Back to Africa

Posted on October 20th, 2015 by


In the summer of 2015, Laurel was invited to participate in a safari to Namibia. This enabled her to experience the San Bushman culture from hunting and making fire the ancient way with the men to working alongside the women as they created disk-shaped beads of ostrich egg shells, then incorporated the results into their artfully-crafted jewelry.

Her Namibia experience rose from Laurel’s desire to understand how what we term “primitive” cultures use and speak through their art, and why they seek to do so. She seeks to understand the mind of the ancients through the art they left behind.
Why did the ancients paint the way they did? What does it tell us about them?A028_C022_0702SU

Prior to her visit to Namibia, Laurel had thought that the apparent distortions in the local rock art paintings reflected the way the Bush people at the time wore their hair or a headdress of some sort. But during an early evening walk through the Namibian bush lands with two of the local men, Laurel began to think differently about this. “The sun was low in the horizon as July is their winter,” Laurel explains. “It cast elongated and distorted shadows of the two men as they walked across the coarse, light colored soil. These distortions affected the look of the small flap of fur worn over their buttocks as well as the A029_C014_0702IPshadow-shape of their heads. I realized that what I had thought was a strangely shaped head in the pictures was actually a highly-accurate reflection of what the artists had observed—what he saw in his own shadow.” This realization changed Laurel’s perspective on the many paintings she saw at first hand in Namibia.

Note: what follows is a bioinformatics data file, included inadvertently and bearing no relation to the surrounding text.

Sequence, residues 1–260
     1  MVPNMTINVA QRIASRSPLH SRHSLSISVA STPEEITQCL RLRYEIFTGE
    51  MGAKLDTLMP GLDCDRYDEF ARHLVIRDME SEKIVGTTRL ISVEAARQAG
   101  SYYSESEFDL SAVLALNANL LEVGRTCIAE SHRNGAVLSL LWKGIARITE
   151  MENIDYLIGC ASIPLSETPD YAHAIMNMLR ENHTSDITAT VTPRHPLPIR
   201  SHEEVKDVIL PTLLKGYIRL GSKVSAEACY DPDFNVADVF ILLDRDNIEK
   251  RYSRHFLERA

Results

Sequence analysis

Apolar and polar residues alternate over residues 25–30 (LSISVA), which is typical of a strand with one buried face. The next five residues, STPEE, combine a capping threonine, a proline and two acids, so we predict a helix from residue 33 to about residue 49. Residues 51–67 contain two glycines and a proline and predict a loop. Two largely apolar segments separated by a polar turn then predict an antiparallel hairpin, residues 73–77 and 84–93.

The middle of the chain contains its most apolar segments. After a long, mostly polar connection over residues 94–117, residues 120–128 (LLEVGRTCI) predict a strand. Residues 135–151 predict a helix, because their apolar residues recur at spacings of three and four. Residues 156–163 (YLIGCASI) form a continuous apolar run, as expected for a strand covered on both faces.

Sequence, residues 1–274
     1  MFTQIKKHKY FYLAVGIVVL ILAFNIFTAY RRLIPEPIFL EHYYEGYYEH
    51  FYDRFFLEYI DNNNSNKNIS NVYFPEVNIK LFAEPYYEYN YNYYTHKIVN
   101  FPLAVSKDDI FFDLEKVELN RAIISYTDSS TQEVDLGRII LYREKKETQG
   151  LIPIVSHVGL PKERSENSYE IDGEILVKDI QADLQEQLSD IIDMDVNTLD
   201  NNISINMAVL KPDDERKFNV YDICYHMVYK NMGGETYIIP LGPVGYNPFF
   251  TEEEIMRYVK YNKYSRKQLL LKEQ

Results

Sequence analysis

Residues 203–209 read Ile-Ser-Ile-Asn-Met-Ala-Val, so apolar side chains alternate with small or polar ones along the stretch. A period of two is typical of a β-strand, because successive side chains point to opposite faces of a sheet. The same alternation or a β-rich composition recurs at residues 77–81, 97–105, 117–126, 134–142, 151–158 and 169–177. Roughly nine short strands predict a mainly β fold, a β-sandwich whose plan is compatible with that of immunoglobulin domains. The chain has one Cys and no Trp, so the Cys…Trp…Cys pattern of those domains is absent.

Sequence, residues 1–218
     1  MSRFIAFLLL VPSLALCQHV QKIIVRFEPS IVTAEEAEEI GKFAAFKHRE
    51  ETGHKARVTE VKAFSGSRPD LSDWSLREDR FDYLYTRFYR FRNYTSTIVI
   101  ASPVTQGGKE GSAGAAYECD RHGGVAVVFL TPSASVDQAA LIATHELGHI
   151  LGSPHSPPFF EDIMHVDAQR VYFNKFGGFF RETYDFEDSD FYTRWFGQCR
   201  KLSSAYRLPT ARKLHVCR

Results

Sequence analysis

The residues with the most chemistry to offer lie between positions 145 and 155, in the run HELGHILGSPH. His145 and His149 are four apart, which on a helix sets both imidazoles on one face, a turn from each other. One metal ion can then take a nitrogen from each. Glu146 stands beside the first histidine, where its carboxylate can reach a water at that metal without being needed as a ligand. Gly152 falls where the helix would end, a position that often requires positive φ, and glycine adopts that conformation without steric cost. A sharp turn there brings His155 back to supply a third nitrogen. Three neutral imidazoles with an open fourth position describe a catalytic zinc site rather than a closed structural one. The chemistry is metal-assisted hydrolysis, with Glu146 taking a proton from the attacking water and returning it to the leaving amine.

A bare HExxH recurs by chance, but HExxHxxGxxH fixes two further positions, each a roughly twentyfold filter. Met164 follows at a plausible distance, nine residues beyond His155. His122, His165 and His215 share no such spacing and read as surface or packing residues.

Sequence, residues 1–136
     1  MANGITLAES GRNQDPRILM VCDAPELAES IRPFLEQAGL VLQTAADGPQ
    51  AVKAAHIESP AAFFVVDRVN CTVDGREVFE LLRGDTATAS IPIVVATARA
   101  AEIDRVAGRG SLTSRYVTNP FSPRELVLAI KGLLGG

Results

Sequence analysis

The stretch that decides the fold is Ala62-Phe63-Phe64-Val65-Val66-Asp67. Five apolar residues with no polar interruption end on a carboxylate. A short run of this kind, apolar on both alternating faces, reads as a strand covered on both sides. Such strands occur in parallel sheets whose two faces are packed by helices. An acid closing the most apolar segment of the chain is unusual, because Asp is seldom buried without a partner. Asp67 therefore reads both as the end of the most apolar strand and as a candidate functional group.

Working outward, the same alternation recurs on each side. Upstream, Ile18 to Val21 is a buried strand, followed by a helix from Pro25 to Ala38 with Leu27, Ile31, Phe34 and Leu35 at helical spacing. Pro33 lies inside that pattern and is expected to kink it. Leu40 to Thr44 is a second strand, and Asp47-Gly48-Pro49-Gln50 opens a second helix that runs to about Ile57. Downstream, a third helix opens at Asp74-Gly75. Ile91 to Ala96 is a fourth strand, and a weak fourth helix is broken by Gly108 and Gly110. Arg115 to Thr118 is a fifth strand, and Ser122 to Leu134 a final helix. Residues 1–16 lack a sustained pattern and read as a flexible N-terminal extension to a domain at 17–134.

Attending the Annual NRA Meeting Lousiville KY

Posted on October 20th, 2015 by

May 20th, 2016 to May 22nd, 2016  

Friday, May 20th, 2016 NRA The Women’s Leadership Forum Luncheon  
(Donation of original art piece to auction following lunch)

Friday, May 20th, 2016 NRA/ILA Leadership Forum Dinner  
(Donation of original art piece to auction following dinner)

Safari Club International Booth 3168 – Las Vegas NV

Posted on October 20th, 2015 by

February 3rd, 2016 to February 6th, 2016  

Wild Sheep Foundation Booth 456 – Reno NV

Posted on October 20th, 2015 by

January 21st, 2016 to January 23rd, 2016  

Houston Safari Club Booth 17 – Houston TX

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January 15th, 2016 to January 17th, 2016 

Dallas Safari Club Booth 1926 – Dallas TX

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January 7th, 2016 to January 10th, 2016  

2016 Artist of the Year Selected

Posted on October 20th, 2015 by

DSC (Dallas Safari Club) has announced that Laurel Barbieri, a longtime exhibitor, will be the Artist of the Year for Conservation, DSC’s 2016 convention and exposition.

This title given to outstanding wildlife artists who exhibit dedication to conservation, outdoor education and hunting. Typically, these are seasoned, multi-talented wildlife artists who have been exhibiting with DSC for years, and who have supported DSC’s missions and programs with their donations.

The honor includes special promotion for the artist during the show as well as the cover of the Convention issue of Game TrailsMagazine.

An accomplished artist, Laurel is known for her one-of-a-kind “Relief Sculptures”, which bring together the unique art medium she has developed and the organic shapes, colors, and textures she experienced during her formative years. By translating the concept of a carved bas relief into multi-media on Masonite and bringing it alive with acrylics, Laurel has created exquisite works that are heavily textured, filled with movement, and richly colored.

Link to article 

Dallas Safari Club – 2016 Featured Artist of the Year

Posted on October 15th, 2015 by

We are proud to announce that Laurel Barbieri is the Dallas Safari Club’s 2016 Featured Artist of the Year. Joining a long tradition of amazing artists.